The Design Sheppard is written by Stacey Sheppard and was recently ranked in the Top 10 UK Interior Design Blogs. Originally a personal scrapbook, The Design Sheppard has since grown into one of the most recognisable interior design blogs in the country. We caught up with Stacey, who told us how her blog has evolved over time, why she’s a writer not a designer and how she likes to collaborate with PR and brands.
How has your blog changed over time?
My blog has been through a couple of redesigns over time and each time I’ve rebranded it has taken on a more professional look. To start with, I was pretty clueless when it came to the visual side of creating a blog and I’ve learnt so much over the years.
The Design Sheppard started out purely as a kind of personal scrapbook where I would document all the design finds that I was discovering. I wasn’t really blogging for anyone other than myself and even today, if everyone stopped reading, I’d probably still keep writing as I see my blog as a place to record all the lessons that I am learning about interiors and all the tips and advice that I have picked up along my journey when it comes to home design. So that hasn’t really changed, despite the fact that I have amassed a rather large readership. But I always try to make sure that my readers can learn something from my posts.
One thing that has changed though is that my blog has now become a business. I resisted this for so long. Coming from a magazine background it always seemed a bit wrong to accept payment for what I considered to be editorial content. So, for the first five years I point-blank turned down every kind of brand collaboration that I was offered, and there were many!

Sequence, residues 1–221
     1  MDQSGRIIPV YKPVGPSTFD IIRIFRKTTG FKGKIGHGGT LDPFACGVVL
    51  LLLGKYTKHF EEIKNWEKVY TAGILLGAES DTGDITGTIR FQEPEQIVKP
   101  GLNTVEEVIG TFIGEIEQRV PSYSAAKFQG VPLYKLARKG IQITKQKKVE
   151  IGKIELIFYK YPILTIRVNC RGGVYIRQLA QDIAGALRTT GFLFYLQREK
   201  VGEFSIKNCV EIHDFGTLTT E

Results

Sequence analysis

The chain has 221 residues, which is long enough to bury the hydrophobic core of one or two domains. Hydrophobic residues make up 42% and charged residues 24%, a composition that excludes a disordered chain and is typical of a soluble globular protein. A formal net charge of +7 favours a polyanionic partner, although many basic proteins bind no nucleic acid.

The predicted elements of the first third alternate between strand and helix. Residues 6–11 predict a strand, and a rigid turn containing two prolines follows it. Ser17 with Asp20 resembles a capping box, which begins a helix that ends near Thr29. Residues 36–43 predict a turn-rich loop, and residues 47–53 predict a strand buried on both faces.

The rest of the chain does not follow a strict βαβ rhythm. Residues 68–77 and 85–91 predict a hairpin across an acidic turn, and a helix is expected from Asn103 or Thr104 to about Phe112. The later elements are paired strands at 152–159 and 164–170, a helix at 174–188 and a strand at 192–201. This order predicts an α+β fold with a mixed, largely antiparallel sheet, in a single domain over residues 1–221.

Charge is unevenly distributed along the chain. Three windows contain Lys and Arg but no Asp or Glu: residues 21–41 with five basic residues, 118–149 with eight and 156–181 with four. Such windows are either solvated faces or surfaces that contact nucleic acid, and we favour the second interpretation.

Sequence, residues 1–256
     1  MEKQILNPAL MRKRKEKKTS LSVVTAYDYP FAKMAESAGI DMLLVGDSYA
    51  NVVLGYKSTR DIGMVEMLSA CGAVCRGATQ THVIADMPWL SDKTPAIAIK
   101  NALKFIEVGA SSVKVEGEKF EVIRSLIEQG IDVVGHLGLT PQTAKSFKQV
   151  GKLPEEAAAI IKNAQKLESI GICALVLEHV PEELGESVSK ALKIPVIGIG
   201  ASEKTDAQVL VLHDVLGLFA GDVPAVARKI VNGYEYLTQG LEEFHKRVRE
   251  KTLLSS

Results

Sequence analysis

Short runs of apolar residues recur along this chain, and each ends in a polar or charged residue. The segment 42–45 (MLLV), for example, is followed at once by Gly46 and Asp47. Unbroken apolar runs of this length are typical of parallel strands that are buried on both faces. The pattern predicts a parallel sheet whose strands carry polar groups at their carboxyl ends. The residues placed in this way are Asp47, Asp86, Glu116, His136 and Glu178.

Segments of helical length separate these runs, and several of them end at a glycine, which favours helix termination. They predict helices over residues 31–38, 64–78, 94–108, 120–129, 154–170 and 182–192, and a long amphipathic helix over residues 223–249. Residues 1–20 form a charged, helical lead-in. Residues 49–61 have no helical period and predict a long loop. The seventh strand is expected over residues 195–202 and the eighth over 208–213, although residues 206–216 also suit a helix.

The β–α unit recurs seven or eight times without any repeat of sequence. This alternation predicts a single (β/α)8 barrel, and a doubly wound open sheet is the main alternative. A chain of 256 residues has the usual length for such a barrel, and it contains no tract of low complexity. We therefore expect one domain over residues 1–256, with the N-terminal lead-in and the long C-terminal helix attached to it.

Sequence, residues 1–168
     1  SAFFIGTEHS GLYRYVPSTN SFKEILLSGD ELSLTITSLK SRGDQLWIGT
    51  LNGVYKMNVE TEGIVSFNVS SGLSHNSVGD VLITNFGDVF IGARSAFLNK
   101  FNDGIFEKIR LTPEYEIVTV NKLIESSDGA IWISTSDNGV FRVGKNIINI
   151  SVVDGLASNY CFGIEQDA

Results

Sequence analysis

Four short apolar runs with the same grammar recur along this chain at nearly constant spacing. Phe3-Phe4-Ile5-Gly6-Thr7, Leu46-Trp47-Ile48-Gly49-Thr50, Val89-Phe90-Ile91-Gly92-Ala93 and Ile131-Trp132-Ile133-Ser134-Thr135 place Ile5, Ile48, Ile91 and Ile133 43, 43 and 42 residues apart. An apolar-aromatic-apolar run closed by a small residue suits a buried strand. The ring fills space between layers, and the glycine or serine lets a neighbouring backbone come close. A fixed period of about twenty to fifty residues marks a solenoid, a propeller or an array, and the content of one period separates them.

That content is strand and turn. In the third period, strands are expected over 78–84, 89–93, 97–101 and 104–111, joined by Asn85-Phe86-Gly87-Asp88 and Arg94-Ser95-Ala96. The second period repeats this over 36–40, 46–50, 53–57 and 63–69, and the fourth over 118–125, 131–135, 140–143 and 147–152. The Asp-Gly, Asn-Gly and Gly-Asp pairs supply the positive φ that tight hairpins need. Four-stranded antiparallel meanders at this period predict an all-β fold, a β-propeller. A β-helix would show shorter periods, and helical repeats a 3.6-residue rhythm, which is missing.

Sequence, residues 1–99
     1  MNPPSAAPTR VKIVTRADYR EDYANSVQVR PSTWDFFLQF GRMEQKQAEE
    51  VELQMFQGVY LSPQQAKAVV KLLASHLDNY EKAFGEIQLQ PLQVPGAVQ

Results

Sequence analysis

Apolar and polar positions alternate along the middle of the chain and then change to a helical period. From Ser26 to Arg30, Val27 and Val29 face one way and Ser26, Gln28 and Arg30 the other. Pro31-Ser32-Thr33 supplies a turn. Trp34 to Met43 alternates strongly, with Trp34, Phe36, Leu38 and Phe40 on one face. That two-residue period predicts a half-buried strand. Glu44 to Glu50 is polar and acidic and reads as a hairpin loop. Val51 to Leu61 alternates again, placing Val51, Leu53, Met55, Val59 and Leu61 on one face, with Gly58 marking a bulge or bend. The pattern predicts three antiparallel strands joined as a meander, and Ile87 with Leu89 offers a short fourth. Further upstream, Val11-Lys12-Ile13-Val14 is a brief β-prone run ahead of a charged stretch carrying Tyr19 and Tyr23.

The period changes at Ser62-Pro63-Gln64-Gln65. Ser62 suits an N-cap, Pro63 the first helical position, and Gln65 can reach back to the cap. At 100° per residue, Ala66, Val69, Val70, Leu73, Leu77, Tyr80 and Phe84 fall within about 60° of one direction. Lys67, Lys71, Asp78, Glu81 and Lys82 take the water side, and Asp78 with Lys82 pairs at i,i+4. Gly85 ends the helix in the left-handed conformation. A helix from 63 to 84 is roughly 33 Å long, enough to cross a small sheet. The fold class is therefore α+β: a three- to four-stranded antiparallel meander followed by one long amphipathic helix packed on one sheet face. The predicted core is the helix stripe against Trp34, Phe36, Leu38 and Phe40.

I was really quite late to the monetisation game and I probably missed out on a lot of opportunities. But I wanted to wait until I had worked out how I could make this work for me in a way that I knew wouldn’t damage my integrity and break the trust of my readers. I’m now in a place where I feel more comfortable taking on brand collaborations and I have more confidence in my own decisions.
How would you describe your style?
I find this really hard to answer as I’m not really sure I have one distinctive style. When it comes to my own home I prefer a more contemporary look. I’m a big fan of industrial style interiors and I suppose that’s quite a masculine look. I like the minimalism of Scandinavian interiors but I am also starting to appreciate a more glamorous approach to interiors. My style tends to change depending on the room and what the function of that room is.